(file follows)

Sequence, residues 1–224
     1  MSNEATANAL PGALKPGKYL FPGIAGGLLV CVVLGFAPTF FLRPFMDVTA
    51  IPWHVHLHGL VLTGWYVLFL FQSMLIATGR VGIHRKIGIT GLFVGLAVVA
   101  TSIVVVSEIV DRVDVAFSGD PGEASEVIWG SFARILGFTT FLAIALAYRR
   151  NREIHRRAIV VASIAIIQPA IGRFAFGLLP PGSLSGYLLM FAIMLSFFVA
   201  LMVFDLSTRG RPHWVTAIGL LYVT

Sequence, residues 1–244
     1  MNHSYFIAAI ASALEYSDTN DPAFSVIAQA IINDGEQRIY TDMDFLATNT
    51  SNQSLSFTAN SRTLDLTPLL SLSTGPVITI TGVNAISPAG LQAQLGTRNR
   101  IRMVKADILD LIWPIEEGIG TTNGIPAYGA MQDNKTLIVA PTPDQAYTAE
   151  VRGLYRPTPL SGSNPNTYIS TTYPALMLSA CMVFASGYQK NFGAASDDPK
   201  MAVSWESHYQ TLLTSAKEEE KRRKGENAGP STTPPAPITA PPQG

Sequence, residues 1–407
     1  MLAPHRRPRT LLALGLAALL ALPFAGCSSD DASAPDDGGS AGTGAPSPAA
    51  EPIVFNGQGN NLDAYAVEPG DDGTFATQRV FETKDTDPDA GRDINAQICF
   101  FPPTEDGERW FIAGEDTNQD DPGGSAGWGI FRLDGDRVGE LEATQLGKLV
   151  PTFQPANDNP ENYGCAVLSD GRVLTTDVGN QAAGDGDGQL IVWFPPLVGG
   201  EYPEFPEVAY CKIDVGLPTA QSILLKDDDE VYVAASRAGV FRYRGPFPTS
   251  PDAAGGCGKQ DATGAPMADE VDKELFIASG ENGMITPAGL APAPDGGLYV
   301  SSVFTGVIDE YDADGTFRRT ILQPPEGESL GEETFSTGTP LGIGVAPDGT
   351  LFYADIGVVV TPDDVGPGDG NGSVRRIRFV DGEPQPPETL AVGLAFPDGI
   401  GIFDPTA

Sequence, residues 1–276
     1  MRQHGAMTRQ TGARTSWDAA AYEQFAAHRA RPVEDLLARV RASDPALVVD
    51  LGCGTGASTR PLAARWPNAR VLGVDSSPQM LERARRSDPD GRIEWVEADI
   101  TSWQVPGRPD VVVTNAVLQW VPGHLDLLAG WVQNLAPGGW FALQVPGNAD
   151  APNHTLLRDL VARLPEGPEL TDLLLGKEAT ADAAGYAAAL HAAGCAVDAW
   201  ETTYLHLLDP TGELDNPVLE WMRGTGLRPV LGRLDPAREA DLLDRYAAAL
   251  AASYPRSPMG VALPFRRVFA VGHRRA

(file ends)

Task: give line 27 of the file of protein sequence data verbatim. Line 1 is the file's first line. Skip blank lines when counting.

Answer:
   151  APNHTLLRDL VARLPEGPEL TDLLLGKEAT ADAAGYAAAL HAAGCAVDAW